Dr. Fatma Pakdil (BUS) – Journal Publications

Congratulations to Dr. Pakdil, Associate Professor, Business Administration, for her recently published journal articles:

Great Job Dr. Pakdil for your dedication to the field with your research and contribution to these journals!

Fall 2018 Graduate Student Orientation

Calling ALL Fall ’18 1st Semester Graduate Students!

Graduate Student Orientation: Monday, Aug. 27, 2018 from 5-7pm in the J. Eugene Smith Library Johnson Room. Meet the School of Education and Professional Studies Dean, Faculty and Staff. Presentations by Registrar, Bursar, Financial Aid, Public Safety, Card Services, Bookstore and Library Services. Library Session immediately following orientation. RSVP 860-465-5292 or Graduateadmissions@easternct.edu

ECE Student Research Lends Insight into Dual Language Learning

Eastern student Stefanie Dominguez ’18 of Glastonbury (right) presents her research

Written by Anne Pappalardo

WILLIMANTIC, CT (03/05/2018) Eastern Connecticut State University student Stefanie Dominguez ’18, an Early Childhood Education and Communication major, recently had her research thesis published in the Early Childhood Education Journal. The highly-ranked, refereed journal analyzes trends, policies and practices in early childhood education for children ranging from birth to age eight. The publication serves the needs of early childhood practitioners including classroom teachers, child care providers and teacher educators.

A Glastonbury resident, Dominguez is a research assistant at Eastern’s Center for Early Childhood Education (CECE) and an Honors Program student. Her thesis, titled “A Qualitative Study of the Play and Dual Language Learners in Preschool,” is one of the first to document social interactions of low English-proficient preschoolers, referred to as Dual Language Learners (DLLs), in classrooms. The paper addresses distinct verbal and nonverbal social behaviors utilized by DLLs with low English proficiency when playing with peers in English-speaking preschool classrooms. Dominguez’s research investigated how DLL social behaviors differ from those of English-speaking children during play interaction. She also observed social interactions among DLLs compared to formal assessments of their involvement with peers and teachers during play.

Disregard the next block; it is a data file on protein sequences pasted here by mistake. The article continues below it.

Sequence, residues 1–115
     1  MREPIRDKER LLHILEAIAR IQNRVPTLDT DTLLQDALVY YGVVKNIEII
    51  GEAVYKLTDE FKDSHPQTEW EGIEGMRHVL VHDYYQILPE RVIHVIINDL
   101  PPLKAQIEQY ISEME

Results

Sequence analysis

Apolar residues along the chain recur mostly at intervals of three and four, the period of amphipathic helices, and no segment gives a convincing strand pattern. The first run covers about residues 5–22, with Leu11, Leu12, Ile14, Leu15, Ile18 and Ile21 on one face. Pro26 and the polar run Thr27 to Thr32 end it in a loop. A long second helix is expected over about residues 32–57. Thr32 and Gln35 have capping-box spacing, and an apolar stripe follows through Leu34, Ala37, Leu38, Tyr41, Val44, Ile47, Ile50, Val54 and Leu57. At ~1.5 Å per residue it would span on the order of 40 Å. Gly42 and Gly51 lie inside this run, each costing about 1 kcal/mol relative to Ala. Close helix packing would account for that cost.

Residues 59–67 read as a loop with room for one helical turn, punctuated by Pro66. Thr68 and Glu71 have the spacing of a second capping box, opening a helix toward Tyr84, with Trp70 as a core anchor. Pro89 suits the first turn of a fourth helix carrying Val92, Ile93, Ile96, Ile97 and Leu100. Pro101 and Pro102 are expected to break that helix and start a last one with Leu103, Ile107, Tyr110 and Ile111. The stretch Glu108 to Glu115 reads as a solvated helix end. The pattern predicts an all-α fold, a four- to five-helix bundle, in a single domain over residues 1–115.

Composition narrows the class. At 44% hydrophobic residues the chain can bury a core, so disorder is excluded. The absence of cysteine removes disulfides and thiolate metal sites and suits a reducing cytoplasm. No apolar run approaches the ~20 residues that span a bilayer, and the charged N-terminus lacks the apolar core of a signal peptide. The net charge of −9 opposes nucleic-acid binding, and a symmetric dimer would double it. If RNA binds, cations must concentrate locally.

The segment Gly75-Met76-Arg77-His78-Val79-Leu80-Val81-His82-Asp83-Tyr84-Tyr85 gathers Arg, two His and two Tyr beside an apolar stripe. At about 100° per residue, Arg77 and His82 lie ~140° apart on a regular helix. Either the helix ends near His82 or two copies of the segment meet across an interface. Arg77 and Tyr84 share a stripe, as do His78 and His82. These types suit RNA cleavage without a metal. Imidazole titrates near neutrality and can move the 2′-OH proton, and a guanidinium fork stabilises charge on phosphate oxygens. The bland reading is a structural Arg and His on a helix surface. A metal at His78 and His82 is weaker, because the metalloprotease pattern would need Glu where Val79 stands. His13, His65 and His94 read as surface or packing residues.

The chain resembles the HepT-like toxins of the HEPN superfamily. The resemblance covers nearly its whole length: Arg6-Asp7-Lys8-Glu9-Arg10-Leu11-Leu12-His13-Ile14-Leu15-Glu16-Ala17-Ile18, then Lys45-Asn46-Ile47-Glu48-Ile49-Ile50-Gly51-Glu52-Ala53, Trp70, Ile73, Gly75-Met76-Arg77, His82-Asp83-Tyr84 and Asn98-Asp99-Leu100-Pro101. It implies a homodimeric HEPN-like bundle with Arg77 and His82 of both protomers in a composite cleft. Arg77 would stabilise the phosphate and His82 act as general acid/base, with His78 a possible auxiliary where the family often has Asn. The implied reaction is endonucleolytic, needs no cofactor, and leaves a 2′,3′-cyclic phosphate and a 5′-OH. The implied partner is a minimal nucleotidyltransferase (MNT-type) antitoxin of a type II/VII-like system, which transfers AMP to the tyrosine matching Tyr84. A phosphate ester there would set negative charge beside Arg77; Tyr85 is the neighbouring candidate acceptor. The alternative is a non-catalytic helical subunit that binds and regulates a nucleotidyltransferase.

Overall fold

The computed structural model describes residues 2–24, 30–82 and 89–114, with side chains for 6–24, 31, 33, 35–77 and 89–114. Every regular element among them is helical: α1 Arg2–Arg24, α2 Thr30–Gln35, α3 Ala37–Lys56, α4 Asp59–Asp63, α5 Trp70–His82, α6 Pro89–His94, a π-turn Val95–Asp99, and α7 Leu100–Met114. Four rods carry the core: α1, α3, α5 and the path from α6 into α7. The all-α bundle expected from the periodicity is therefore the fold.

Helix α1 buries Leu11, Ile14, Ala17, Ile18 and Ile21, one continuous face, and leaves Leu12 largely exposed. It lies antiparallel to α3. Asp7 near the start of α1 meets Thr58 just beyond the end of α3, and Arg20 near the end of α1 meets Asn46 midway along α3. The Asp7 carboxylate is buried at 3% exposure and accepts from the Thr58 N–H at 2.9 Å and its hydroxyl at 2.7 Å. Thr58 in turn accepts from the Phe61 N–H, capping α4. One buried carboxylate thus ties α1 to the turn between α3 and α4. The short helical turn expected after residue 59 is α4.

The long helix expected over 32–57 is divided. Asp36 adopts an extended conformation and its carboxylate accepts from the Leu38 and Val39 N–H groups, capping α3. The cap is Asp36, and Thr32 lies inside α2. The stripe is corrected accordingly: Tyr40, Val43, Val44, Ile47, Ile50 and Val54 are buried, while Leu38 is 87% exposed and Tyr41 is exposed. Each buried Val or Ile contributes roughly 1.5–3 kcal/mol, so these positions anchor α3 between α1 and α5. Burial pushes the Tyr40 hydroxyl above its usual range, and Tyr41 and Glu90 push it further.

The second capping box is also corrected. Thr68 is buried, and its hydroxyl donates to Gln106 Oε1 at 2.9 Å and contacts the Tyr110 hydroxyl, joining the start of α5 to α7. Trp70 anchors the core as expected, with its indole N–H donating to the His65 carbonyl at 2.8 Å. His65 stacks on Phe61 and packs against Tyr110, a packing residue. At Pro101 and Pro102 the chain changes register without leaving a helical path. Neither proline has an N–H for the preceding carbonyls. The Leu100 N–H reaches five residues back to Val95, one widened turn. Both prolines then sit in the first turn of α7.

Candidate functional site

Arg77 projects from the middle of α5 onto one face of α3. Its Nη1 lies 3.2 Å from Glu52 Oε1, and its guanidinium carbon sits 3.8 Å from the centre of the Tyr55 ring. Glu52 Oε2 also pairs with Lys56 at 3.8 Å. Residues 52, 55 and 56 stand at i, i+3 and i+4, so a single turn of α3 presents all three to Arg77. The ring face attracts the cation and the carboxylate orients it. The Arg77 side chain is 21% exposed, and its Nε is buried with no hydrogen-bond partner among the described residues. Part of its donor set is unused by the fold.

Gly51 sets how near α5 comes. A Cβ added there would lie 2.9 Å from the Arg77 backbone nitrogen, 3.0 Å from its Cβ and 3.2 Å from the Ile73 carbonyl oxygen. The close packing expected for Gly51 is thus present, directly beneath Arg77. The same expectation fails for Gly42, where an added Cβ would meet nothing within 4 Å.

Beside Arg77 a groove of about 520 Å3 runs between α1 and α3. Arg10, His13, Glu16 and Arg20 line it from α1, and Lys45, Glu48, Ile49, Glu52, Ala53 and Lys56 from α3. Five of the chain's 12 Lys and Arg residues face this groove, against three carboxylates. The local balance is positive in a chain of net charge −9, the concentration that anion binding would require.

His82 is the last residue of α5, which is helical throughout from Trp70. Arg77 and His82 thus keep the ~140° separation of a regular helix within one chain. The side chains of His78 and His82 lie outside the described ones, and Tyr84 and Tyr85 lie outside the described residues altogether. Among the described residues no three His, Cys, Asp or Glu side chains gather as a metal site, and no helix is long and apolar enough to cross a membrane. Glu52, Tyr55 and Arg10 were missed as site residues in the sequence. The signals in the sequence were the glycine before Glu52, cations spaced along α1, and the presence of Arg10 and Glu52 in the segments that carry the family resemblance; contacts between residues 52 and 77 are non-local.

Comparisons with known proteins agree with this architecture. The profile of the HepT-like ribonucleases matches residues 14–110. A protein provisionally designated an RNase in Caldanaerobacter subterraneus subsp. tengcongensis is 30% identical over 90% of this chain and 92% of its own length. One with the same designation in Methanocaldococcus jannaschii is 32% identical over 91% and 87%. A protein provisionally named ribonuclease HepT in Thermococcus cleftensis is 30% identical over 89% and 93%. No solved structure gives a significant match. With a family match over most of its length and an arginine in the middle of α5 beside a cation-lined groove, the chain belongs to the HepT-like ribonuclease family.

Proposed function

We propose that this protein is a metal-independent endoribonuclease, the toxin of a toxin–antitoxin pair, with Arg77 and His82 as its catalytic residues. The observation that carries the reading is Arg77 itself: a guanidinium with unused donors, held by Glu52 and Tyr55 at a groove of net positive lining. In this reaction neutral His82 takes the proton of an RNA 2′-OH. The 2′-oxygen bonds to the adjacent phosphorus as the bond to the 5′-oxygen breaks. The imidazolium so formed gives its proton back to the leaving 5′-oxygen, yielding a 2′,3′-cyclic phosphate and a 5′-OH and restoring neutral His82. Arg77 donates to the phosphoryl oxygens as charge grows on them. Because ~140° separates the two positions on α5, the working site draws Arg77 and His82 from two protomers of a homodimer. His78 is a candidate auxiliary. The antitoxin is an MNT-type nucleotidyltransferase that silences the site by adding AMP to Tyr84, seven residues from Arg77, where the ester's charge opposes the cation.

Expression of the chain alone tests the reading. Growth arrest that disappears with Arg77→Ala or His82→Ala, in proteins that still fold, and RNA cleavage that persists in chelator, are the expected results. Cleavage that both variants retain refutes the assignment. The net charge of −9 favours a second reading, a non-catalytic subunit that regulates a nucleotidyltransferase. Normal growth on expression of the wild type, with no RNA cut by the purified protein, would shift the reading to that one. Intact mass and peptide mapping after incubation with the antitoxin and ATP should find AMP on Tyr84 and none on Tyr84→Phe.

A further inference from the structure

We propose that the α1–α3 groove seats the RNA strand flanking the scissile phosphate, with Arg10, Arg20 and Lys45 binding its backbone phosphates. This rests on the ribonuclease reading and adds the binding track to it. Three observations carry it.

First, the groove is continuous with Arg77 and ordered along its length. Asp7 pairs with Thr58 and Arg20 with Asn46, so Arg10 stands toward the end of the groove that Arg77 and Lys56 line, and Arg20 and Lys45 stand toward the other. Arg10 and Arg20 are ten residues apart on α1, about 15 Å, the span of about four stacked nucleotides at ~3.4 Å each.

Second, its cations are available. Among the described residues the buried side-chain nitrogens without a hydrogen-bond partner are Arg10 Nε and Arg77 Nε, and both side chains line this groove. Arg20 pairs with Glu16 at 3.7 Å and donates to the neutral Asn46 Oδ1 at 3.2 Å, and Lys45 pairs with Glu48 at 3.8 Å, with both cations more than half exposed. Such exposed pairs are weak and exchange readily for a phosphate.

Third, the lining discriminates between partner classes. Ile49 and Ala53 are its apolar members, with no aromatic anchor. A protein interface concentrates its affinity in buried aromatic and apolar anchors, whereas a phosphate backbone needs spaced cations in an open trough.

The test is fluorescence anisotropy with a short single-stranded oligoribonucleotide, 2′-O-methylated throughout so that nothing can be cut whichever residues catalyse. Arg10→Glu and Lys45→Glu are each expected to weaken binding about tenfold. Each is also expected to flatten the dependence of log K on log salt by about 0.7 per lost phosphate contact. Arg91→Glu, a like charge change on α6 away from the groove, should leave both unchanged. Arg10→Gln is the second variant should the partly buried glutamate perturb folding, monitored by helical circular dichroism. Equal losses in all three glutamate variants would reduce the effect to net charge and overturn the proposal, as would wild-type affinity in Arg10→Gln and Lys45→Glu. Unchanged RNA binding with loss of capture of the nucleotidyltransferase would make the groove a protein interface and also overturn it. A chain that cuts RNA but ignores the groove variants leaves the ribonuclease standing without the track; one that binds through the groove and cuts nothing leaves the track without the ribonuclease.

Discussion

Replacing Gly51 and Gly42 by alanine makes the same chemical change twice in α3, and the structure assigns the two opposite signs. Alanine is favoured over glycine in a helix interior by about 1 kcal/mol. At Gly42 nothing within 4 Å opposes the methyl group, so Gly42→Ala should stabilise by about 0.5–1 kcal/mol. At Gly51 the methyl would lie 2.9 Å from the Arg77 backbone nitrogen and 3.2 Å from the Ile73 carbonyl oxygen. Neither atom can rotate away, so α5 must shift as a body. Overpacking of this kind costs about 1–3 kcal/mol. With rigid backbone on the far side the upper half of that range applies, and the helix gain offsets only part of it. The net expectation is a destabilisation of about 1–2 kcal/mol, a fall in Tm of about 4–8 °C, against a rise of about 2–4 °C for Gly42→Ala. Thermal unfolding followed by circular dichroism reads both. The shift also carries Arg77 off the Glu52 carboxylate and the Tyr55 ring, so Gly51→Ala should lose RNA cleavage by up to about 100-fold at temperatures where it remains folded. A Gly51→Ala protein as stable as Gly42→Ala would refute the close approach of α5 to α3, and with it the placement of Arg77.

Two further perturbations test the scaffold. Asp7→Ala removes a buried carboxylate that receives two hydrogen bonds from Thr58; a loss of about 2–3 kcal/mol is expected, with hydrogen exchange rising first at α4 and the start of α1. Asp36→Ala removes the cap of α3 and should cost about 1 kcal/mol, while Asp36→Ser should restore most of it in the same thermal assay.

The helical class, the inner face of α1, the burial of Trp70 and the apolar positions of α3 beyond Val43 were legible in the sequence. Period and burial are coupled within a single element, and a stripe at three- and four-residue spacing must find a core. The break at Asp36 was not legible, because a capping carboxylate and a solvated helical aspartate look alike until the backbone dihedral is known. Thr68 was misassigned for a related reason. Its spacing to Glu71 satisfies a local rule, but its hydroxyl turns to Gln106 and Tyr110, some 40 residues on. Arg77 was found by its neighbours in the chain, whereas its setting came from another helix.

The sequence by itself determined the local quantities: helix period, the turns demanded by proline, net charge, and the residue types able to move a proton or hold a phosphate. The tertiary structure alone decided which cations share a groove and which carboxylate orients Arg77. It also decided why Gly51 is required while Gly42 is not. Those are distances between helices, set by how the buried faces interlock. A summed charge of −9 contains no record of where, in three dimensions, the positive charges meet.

“As an Eastern Honors Program student I was required to write a thesis,” said Dominguez. “I’d always wanted to write an education-based thesis. I worked with Early Childhood Education Professor Jeffrey Trawick-Smith on my project. I feel it is a very important field and that my work could be helpful to teachers and students.”

Last year Dominguez was asked to work on research projects with Trawick-Smith and Professor Sudha Swaminathan, as well as CECE Director Julia DeLapp.

“Part of the research required assessing the math knowledge of preschool students. Because I speak Spanish, I was assigned to test the children who spoke Spanish at home so that we could accurately test their math knowledge – not the understanding of the English questions. Through that research, and after talking with the professors, I devised my thesis topic – the social and emotional development of children who speak languages other than English at home,” said Dominguez.

“I found it interesting to see just how different the experiences were for DLLs and their English-speaking peers. I was surprised to see how often DLLs experienced ‘teacher-assisted interactions’ compared to their peers. Seeing how seldom DLLs were able to successfully interact with peers without a teacher’s help was surprising and made me really want to educate teachers. The DLLs were perfectly capable of playing with each other and having sustained play behaviors, but they often needed a teacher to help them get the interaction started. Knowing this can change how teachers interact with our classes and our students on individual levels.”